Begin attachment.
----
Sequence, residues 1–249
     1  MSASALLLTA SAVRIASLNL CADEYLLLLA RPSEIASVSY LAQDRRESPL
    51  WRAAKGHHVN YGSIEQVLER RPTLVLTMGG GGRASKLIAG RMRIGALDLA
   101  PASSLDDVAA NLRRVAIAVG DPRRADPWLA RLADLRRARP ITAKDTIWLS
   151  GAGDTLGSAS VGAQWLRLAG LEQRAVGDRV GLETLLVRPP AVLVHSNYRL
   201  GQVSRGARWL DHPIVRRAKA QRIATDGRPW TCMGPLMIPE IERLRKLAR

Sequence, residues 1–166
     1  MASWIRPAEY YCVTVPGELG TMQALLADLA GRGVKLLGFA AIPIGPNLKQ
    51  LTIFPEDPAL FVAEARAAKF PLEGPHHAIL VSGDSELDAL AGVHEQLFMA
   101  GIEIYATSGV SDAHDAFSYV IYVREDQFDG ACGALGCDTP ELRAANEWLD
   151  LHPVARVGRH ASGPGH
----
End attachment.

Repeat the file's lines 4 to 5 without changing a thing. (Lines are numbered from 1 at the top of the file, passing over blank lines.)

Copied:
   101  PASSLDDVAA NLRRVAIAVG DPRRADPWLA RLADLRRARP ITAKDTIWLS
   151  GAGDTLGSAS VGAQWLRLAG LEQRAVGDRV GLETLLVRPP AVLVHSNYRL